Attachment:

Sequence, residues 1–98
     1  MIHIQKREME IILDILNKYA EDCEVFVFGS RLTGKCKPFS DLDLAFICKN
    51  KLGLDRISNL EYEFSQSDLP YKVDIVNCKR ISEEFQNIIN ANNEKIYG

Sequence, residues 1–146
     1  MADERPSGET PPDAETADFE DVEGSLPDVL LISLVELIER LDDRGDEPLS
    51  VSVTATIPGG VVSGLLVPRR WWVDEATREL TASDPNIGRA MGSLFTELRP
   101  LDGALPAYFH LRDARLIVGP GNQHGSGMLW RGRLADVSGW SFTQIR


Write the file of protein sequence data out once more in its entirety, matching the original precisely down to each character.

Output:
Sequence, residues 1–98
     1  MIHIQKREME IILDILNKYA EDCEVFVFGS RLTGKCKPFS DLDLAFICKN
    51  KLGLDRISNL EYEFSQSDLP YKVDIVNCKR ISEEFQNIIN ANNEKIYG

Sequence, residues 1–146
     1  MADERPSGET PPDAETADFE DVEGSLPDVL LISLVELIER LDDRGDEPLS
    51  VSVTATIPGG VVSGLLVPRR WWVDEATREL TASDPNIGRA MGSLFTELRP
   101  LDGALPAYFH LRDARLIVGP GNQHGSGMLW RGRLADVSGW SFTQIR